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Thursday, September 1, 2011


The idea of making use of empty feed sacks has been around since the early 1800s and is still a viable source of inexpensive and durable material. The material used in feed sacks has changed as many things that were once packaged in cloth bags are now being placed in heavy duty paper or plastic. But cotton and burlap sacks are still in use. Burlap is mainly used to hold potatoes, cotton and corn, while cotton bags are used for flour, beans and rice in the food industry. In the pioneer days, some families' only source of cloth for children's clothes was from empty cotton feed sacks. Little girls had dresses and blouses that were made from feed sacks. Men's work shirts and mother's dresses aprons also originated as feed sacks. Pillow cases and dish towels almost all originated as feed or flour sacks.

Manufacturers begin to realize that they could make their feed sacks out of attractive material with the hopes that they would sell more to the farmer whose wife wanted the pretty fabric to create a dress. Feed sacks can still be used to create clothing items. Use vintage or modern feed sack material to create blouses, dresses and men's shirts. Use a standard clothing pattern to create the clothing item using feed sack material. Cotton feed sacks are best for clothing projects, but burlap sacks can be used to create a particularly rustic look.

Create reusable shopping bags or travel totes. Cut and sew feed sacks into a sack and use a pretty ribbon as a handle. The sacks can be used to take groceries home from the grocery store or as a purse or travel tote to carry personal objects. Making totes and bags out of feed sacks is good for the environment because not only are you repurposing the feed sack, but by creating a bag or tote of it, you are not using environmentally harmful plastic sacks from the grocery store.

A curvaceous and stylish dress in a natural burlap


Feed sacks can be used to create trendy looking gift wrap. Use paper or fabric feed sacks to create natural looking gift wrap. Embellish wrapped packages with natural items such as dried flowers and satin ribbons. You can also use feed sacks to create small doll items such as doll clothes and rugs. Feed sacks also make good kitchen towels.

                  Rags to Riches Apron Line

      What a unique and purely organic apron this is!

The bags are 28" x 40".  This particular bag has an interesting motif on both sides, so one bag can be used to make two aprons.  The burlap POTATO sacks have not been laundered.  I chose to wash and dry the sack to soften it up a bit and then ironed it.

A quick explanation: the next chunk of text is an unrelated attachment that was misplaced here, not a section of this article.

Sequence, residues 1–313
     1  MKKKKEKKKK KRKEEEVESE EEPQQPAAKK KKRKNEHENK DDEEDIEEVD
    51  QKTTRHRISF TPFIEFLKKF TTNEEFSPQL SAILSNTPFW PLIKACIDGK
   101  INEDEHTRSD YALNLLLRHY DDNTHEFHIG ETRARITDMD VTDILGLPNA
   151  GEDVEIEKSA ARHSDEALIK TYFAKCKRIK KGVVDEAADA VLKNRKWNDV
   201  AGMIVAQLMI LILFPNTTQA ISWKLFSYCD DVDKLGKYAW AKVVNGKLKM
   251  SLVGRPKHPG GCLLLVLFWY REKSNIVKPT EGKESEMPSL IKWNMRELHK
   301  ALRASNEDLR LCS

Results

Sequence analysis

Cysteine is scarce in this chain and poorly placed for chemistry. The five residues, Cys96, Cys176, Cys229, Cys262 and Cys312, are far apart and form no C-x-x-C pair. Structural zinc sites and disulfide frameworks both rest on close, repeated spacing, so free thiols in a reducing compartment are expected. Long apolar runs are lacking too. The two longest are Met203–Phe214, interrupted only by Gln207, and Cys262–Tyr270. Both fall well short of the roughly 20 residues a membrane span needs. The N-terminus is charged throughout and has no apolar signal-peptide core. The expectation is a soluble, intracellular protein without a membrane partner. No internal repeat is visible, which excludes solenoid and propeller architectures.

Supplies to make one apron:
  • one burlap bag, washed, dried and ironed.
  • 1 1/4 yards fabric for lining, washed and dried
  • ruler
 Cut bag along edges.

 Mark the center point of the motif.  Even out the sides and bottom of bag.  In this example, there was 5.25" to the right of the motif.  So I cut off the excess on the left side for an overall size of 23.5" x 35". 

Mark 5.5" to the left and right of the center point; mark 11.5" down on the sides.

Draw a curve between the two points and cut out that top portion of the apron.  (You could also trace an existing apron.)

Use the cut out piece as a pattern to make the same cut on the other side.

Place lining fabric underneath the bag and cut out.

 Pin ties to right side of lining, raw edges together.  The shorter strip is the neck piece and the longer strips are the waist ties.  The ties should be placed one inch from the sides edges.

Place right sides together and pin so that the straps are encased on the inside.

Sew or serge using a small stitch length and a 1/2" seam allowance around the perimeter of the apron.  Leave a 6" opening at the bottom.  Trim curves and corners being careful not to trim too closely since the weave of the burlap is somewhat loose.  Turn apron inside out and press; press the seams of the opening to the inside and pin.

Top stitch the entire apron using a fairly small stitch to secure the  BURLAP bag to the lining and reinforce the weave of the burlap.



  1. Pull a strand of burlap to use as your thread.
  2. Cut 2 flowers with five petals each (I free-handed them).  Stack them and sew an X through the center to hold them together.
  3. Stitch a circle around the X  on the top layer and pull the thread to gather
    it.  This cups the flower.
  4. Sew or hot glue a button in the center of the flower. 

    How to Remove Smell From Burlap Fabric


    • 1
      Place the burlap in a well-ventilated, dry area outdoors. Let the fabric air for several hours.
    • 2
      Sprinkle some baking soda onto the burlap and let it sit for an hour.
    • 3
      Shake out the baking soda and check for any lingering odors.
    • 4
      Soak the burlap in white vinegar for 30 minutes if you still detect an odor.
    • 5
      Rinse the burlap with water and spread it out to dry.

O.K. Maybe not!!!

Now when someone asks where you scored that awesome apron or your killer napkins, you can feel superior when you say they're one of a kind!